Of course, I couldn’t pass up the opportunity, even if it meant taking a four year old and a wriggly 18 month old, through the peak hour traffic on a Friday afternoon!
Mia and I thought it would be nice to draw the famous author a picture of the beloved duck that his own granddaughter so beautifully drew, without forgetting the all-important silver buttons! I think the first time use of the silver gel pen was a definite highlight for Mia!
So now that we’re actually going to meet Bob Graham, I’m having visions of people lining up out the door. We’ll be lucky to get a shot of his face. Oh, and the traffic getting there! Hmm…
Five minutes into the trip… We’ve left the picture on the kitchen table! Aah! Back we go!
Ok, so the traffic wasn’t too horrendous. And there was no line out the door, either. But there was a steady flow of admiring school children and their parents, all wanting to ask questions and share their ‘Bob Graham’ experiences. Then it was our turn. Mia clutched her duck picture in her hands, I held the gorgeous “How to Heal a Broken Wing” in mine, and practised my greeting in my head.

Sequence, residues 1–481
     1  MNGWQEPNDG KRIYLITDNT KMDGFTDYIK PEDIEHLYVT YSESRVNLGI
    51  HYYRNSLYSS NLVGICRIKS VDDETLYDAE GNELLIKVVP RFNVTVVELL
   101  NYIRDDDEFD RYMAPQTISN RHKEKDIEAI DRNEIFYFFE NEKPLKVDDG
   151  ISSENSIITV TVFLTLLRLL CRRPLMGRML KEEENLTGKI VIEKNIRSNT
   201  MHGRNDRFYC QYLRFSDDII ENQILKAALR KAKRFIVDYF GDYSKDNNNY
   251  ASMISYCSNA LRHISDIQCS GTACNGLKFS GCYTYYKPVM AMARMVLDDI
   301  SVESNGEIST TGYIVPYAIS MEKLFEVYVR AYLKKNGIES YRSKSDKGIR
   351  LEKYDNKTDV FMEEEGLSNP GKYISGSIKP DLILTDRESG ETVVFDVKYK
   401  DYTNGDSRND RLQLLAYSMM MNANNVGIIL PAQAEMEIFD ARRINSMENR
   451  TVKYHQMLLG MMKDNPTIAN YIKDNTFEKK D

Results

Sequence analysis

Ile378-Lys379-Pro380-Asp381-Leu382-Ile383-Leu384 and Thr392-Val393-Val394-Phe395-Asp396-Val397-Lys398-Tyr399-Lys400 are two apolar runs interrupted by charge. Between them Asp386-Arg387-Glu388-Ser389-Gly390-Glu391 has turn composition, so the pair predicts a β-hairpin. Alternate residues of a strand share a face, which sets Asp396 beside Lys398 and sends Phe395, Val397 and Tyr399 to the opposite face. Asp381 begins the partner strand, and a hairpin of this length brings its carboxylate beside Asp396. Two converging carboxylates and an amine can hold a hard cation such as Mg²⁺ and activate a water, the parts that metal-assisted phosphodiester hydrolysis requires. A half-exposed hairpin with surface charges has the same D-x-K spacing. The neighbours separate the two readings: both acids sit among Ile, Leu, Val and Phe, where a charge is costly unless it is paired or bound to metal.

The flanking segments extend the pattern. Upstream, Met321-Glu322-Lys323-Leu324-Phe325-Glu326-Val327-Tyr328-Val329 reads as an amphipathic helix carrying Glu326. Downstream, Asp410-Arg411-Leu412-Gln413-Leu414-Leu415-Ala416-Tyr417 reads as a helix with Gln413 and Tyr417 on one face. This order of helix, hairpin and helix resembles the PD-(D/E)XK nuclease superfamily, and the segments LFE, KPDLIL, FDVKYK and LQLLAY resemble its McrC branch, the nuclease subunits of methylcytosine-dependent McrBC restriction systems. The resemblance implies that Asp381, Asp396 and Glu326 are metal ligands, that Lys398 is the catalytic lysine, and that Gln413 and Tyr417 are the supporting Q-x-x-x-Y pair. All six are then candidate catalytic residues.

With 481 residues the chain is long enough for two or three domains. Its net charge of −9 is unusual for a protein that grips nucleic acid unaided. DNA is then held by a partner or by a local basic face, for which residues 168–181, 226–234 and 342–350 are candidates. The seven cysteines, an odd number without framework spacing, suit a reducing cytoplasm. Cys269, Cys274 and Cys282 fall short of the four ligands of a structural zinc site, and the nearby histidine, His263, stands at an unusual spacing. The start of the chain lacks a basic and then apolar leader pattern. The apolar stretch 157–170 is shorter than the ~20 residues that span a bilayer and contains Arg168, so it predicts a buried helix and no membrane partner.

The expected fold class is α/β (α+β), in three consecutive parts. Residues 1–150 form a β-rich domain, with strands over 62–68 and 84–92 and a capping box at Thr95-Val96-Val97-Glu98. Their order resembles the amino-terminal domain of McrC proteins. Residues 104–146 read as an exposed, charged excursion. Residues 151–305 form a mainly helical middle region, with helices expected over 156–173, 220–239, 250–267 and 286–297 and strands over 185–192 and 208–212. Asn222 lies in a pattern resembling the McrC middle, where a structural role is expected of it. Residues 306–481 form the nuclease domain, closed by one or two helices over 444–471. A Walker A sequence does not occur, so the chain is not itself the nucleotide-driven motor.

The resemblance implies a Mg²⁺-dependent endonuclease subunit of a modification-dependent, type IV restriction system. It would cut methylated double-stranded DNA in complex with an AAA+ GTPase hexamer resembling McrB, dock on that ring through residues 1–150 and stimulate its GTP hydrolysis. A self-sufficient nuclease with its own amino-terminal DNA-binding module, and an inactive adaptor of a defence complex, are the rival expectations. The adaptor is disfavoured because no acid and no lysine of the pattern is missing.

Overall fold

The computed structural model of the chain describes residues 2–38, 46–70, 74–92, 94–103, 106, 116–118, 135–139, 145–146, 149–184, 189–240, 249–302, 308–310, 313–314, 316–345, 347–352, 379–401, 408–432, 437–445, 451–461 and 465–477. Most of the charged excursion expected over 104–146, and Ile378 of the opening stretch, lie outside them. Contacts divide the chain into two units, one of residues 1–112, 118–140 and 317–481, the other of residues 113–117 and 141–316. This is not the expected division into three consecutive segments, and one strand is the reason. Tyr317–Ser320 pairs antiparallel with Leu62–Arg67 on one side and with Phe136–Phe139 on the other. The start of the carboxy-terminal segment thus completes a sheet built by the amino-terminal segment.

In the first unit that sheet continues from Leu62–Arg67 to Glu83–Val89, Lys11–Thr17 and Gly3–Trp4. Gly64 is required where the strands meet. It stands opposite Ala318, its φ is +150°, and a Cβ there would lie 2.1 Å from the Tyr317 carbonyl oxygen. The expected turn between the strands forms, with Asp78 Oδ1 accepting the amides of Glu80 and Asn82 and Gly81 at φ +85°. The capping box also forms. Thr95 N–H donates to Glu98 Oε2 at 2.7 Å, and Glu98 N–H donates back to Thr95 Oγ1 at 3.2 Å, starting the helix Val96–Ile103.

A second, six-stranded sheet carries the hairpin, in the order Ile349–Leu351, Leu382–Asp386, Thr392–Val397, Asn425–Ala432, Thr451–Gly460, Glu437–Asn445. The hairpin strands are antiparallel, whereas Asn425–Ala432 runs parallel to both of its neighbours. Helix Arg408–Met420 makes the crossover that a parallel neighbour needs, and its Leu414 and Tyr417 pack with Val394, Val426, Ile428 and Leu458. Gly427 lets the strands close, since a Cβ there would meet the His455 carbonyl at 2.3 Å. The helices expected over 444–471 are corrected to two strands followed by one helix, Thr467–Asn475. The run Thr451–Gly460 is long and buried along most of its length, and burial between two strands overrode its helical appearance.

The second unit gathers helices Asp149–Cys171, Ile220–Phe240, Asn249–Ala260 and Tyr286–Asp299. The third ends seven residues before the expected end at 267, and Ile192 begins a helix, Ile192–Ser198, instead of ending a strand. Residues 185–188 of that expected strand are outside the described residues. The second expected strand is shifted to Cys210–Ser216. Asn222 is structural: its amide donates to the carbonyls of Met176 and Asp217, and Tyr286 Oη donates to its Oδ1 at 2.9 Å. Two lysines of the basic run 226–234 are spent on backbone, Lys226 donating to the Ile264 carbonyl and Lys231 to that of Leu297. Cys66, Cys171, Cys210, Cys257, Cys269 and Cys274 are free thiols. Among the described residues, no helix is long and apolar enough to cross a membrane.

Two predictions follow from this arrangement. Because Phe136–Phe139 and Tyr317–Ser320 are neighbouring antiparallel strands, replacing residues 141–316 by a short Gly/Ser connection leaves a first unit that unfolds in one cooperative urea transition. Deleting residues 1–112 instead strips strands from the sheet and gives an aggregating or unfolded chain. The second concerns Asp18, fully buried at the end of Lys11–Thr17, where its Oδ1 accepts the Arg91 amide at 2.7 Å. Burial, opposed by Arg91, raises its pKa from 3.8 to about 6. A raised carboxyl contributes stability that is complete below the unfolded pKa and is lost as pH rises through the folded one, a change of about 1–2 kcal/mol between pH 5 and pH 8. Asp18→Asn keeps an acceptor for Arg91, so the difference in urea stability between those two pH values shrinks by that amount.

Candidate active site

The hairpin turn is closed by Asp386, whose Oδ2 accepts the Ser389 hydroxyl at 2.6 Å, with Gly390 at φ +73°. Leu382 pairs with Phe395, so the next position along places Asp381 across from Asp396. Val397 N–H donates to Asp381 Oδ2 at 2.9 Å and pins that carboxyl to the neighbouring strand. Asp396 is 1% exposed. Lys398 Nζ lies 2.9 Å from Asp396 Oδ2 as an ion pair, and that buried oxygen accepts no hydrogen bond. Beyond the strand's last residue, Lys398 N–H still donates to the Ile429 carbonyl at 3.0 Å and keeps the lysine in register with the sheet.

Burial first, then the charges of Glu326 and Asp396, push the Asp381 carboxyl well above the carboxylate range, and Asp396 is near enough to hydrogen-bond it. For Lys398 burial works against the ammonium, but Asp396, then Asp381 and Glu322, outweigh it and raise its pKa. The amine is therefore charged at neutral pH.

The meeting went well. Mr Graham was very gracious and humble, he was flattered and appreciative of Mia’s picture. Evidence of a ‘doting grandparent’ was clear as he talked about his granddaughter and told Mia he’d hang her picture amongst those that his Rosie had drawn for him.
He wrote a lovely note in our book; “Just for Mia. (Thanks for your picture). Bob Graham”, along with a cute little flying pigeon sketch.
I briefly mentioned this little page of mine, and had just enough time for a quick picture before I felt the urge of those waiting behind me. Even though it would have been wonderful to steal a few more moments, I was honoured just to be in the presence of an author whom I’ve admired for so long. And now my daughter will forever own a precious memento from Bob Graham, for as long as she treasures his specially signed book.
Written by Romi Sharp, teacher and mum of two little book fanatics. August 2014.